You may have come across the phrase ‘marker training’ in your online searches. But what exactly is it? Marker training, or clicker training, means using a unique signal to give our animals clear, instant feedback to help them learn. It tells them exactly what they did to earn their reward.
What’s the benefit to using markers?
Why not simply hand your learner a reward when they do something correct? The problem with this approach is it’s not very precise. In many cases, by the time the animal gets the reward, its already done about 7 extra things – so what did it get the reward for? The problem is even worse if you want to reward an animal when it’s at a distance from you; the time delay between correct action and reward is waay too long for the animal to work out what it did to earn it.
New and fancy?
To overcome the confusion and clarify communication, a marker is the ideal solution. Markers have been in use for more than forty years. The method is best known from the world of marine mammal training, where people need a way to communicate with animals like dolphins and orcas that can’t be controlled physically. However, they’ve also been used by the service animal industry and the military – mainly with dolphins and birds.
How does it work?
It is very simple (but not always easy!). First, we teach the animal that the marker means it has won a treat. Then we use the marker to tell the animal when it’s done something we like. Essentially: When using markers for training your dog, and he does what you want him to do—like a sit or a down—you mark and then give him a reward. This gives your dog instant, specific feedback.
Imagine taking a snap shot of the exact moment your dog did the thing you wanted. Because you’re taking a snap shot of that instant, you need to be very focused on exactly what it is you want.
- Mark exactly as his bum hits the ground if you want a sit.
- Or exactly as his nose touches your presented hand for a hand touch.
- Or when he passes through the hoop if you’re training a hoop jump.
Once your dog understands the marker, you can teach him almost anything he is capable of doing! Most behaviours need to be taught in tiny steps, a bit like teaching a child to tie their shoe laces, read, or learn a musical instrument. This is the ‘not always easy’ part.
A basic or complex tool?
The marker itself is only a communication tool and, like any other tool, it takes time to become skilled in its use. Markers can be a lot more complicated than just telling your learner that they earned a reward. Some trainers use different markers to convey complex information such as what the reward will be and where it will be delivered.
For example, I use the word “Zurich” during heeling to tell Felix that he’s earned his tug toy and it’s in my right hand – he whips behind me to grab it. If I use “get it” the toy appears in my left hand for him to grab above his head, in heel position. In this way I can prevent him being confused about where the toy will be delivered. This results in clean communication and delivery without him always ‘wondering’ “where’s it going to come from?” and trying to keep an eye open for other clues. He can get on with his job knowing he’ll get all the information he needs to access his reward instantly.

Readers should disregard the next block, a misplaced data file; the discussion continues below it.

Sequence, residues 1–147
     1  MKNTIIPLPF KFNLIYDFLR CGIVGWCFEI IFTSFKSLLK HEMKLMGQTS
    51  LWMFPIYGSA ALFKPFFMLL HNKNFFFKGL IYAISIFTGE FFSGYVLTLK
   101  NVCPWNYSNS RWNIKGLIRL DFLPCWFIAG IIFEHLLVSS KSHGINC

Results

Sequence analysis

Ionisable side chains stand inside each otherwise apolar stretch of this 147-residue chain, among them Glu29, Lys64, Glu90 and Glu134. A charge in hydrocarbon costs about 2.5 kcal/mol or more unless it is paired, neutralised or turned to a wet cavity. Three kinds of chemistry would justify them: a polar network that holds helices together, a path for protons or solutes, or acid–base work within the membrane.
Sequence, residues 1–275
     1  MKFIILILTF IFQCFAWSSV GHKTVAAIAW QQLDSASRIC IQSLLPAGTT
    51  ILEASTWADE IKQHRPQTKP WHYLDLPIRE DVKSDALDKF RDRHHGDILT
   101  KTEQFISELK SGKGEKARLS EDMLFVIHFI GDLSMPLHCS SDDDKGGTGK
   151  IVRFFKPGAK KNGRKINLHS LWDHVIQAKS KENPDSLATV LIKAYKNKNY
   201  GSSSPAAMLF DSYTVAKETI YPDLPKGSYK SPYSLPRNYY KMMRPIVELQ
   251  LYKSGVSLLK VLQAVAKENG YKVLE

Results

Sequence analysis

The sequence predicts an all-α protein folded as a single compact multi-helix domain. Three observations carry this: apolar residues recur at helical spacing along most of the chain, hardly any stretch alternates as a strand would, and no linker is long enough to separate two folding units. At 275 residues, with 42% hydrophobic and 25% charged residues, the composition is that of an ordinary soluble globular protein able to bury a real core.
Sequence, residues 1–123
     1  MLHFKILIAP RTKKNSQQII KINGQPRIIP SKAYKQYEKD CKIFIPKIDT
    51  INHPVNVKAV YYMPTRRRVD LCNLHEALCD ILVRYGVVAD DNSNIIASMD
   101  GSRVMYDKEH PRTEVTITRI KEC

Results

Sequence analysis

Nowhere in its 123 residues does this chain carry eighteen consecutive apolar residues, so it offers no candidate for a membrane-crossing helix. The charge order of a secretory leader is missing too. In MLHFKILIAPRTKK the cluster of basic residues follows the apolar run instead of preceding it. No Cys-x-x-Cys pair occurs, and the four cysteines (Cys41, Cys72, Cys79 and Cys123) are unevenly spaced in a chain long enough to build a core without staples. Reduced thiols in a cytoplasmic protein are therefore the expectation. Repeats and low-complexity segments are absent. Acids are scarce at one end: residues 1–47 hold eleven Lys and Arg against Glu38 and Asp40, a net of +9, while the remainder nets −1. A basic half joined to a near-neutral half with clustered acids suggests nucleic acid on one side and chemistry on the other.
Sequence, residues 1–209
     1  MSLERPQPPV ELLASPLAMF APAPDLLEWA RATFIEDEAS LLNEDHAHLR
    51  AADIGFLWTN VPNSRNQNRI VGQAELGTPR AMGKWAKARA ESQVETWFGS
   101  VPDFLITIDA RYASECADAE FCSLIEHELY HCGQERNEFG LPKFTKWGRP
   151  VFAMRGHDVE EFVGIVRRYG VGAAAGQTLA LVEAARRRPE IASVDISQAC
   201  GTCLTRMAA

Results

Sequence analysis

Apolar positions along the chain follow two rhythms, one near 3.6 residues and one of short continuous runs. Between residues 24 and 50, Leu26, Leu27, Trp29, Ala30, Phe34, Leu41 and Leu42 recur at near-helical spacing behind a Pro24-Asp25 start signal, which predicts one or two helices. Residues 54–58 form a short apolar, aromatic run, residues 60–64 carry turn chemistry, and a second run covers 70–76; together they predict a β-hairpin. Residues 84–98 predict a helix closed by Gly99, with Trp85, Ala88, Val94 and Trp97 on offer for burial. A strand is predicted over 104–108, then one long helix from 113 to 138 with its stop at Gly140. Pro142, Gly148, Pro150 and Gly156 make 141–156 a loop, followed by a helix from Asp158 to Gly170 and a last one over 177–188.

Using specific markers to differentiate food, toys or other rewards also avoids the ‘disappointment’ affect – when your dog expects one thing and receives another. Breezy, my last competition dog, was taught to expect food for heelwork. Although he loved toys, if I gave a click during heelwork, food is what he expected. He would turn his nose up at a toy, “that wasn’t the deal!” he seemed to say! When I changed to using a different marker for a toy (in his case a ball) he immediately stopped turning his nose up, as his expectations hadn’t been violated. For dogs that find swapping between food and toys difficult, this can be a game changer!
The ‘process’ of training
So, marker training systems can be as simple as using a smart phone ‘point ‘n’ shoot’ camera or as refined and complex as using a top of the range DSLR ‘all singing, all dancing’ model. It really depends on what you want to achieve. Just like photography, most people start out wanting to learn the absolute basics – and then they get the ‘bug’ and the addiction grows! However, no matter how simple or complex your marker system, there are some rules of training that have to be followed for success. You can’t randomly say “yes!” and throw treats around! You’ll have a fat, happy dog, but they might not have learned very much – other than you’re a great treat dispenser.
The steps are:
1) Get the behaviour – find a way of ‘explaining’ to your learner what it is you want them to do. The most usual methods are:
- luring with food
- capturing when the behaviour happens naturally or
- shaping in successive baby steps towards your goal.
2) Once you’ve worked out how to get the behaviour ‘ball’ rolling, you mark and reward it.
3) Next, you have to add a word or signal (cue) to the behaviour so you can ask your learner to do it when you’d like them to. And the final step is to strengthen the behaviour so your learner is confident and quick to respond (fluent) no matter where they are. I call it “anytime, anyplace, anywhere” training. (You can find a more detailed overview of this process in this blog post.)
It also helps considerably to understand how animals learn and what your particular animal finds rewarding – and will willingly work to get. Why is this so useful? Because when it comes to training, your opinions of what constitutes a ‘reward’ are irrelevant – it’s your learner’s opinion that counts! You can learn more about how dogs learn in my FREE mini course, here.
Sarah and the Gang
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